By now, it’s probably safe to say most people are aware unwise use of social media can come back to bite them. In job hunts, in friendships, and in divorces.
However, as Philadelphia divorce attorneys we often find people don’t understand precisely what they can do to get themselves into trouble. The list is a little broader than most people tend to imagine.
“Jokes” Which Can Be Construed as Threats
OMG. Ex demanding even more, I swear I’m gonna kill him.
You know you’re not going to kill your ex. We know you’re not going to kill your ex. It’s not even a crime for you to post these kinds of things unless someone can prove you really meant it.
But under domestic violence laws, any statement which can be construed as a threat could open the way for your spouse to win a Protection From Abuse Order (PFA). A PFA opens a number of different remedies to your spouse, and none of them are particularly advantageous for you when you get in front of a judge.
Believe it or not, these “jokes” are serious more often than not. Why place doubt in any judge’s mind about your propensity for violence?
Comments Which Fan the Flames
I can’t wait to be done with this divorce, I swear I didn’t know how greedy this woman could be until now.
You might have “unfriended” your ex and your ex’s relatives on social media, but you probably have some friends who are still in touch with both of you. Social media platforms seem to change the rules of who can see what on the daily. And, more to the point, people talk.
If you’re bashing your ex on social media there’s a great chance it will get back to him or her. Your comments may be immaterial to the judge’s decision, but they might make your ex even more angry, which means your chances of reaching a reasonable settlement before you have to go put that decision into the hands of a stranger just took a nosedive.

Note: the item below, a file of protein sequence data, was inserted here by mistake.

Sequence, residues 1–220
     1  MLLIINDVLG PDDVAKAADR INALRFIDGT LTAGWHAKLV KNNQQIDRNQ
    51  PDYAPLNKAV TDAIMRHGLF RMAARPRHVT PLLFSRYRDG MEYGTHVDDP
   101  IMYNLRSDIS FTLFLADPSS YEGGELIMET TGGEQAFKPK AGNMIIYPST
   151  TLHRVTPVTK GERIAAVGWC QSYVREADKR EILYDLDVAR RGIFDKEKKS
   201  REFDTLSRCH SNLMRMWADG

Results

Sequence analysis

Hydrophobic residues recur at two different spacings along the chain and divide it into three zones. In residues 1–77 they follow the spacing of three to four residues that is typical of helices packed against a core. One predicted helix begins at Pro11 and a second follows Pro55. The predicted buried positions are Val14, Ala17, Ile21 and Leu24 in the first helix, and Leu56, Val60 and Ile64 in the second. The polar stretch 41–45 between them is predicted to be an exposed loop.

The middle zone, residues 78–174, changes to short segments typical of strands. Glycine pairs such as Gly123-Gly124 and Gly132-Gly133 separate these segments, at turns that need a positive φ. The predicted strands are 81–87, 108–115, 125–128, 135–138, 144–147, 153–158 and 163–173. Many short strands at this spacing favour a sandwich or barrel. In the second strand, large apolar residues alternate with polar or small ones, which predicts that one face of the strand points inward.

You do not want your ex in a fighting mood. You really don’t, unless you want to spend about four times more money and time than you have to. Vent to a private journal or the friend who never liked your spouse anyway.
Posts Which Call Attention to Your Money Habits
Drowned my woes in some retail therapy today…
Whether you’re trying to make a case you need spousal support or you’re trying to make the case that you shouldn’t be asked to pay it, the last thing you want is to give the impression you’re totally financially fine. Posts about what you’ve bought, what expensive dinner venues you’ve been to, or where you’re going on vacation form an unfavorable impression.
And if there is any way your ex can prove you used any part of the marital property to go engage in whatever it was you were spending money on, he or she might well gain an edge when it’s time to divide up that property.
Posts Which Make People Question Your Judgment
Sure, the martini in your hand could be the only one you had that night. Completely innocent. You’re just having some fun with your friends, blowing off steam.
It could also be the piece of evidence used to paint you as an irresponsible alcoholic.
While you’d think this would become less of a problem as people get more savvy about the sorts of posts which can make a job hunt harder or even get them fired from their current jobs, we still see people making this cringe-worthy mistake.
False Declarations of Income
I make between $75,000 and $100,000!
Sure, everyone fudges on dating profiles just a little, and you might be ready to move on romantically. But that profile of yours could be used as evidence. Judges might decide that’s your real income, instead of whatever you reported. Or that you’re hiding assets.
Whether you’re lying to the court or lying to your next date, lying will come back to bite you every time.
Maybe they were more innocent than they looked. Maybe you were just trying to clean up some social media mistakes before they could become a problem.
But deleted posts can make you look guiltier than you are. Better to let you and your lawyer deal with your past social media mistakes as is. And then move forward, accounting for whatever that mistake was.
Don’t leave the courts to wonder what they’re not seeing.
Should You Use Social Media at All?
Frankly, from the time you know you’re getting a divorce to the time you get your decree, we recommend just staying silent on the Internet. Wait on those dating sites, stay off Facebook. Stick to legitimate professional activities on LinkedIn if you have to.
The divorce process is difficult enough. You don’t want to give your ex more ammunition than you have to.
Active on social media? Facing a divorce? We’ll be happy to cover your specific situation in your free consultation. Why not give us a call today?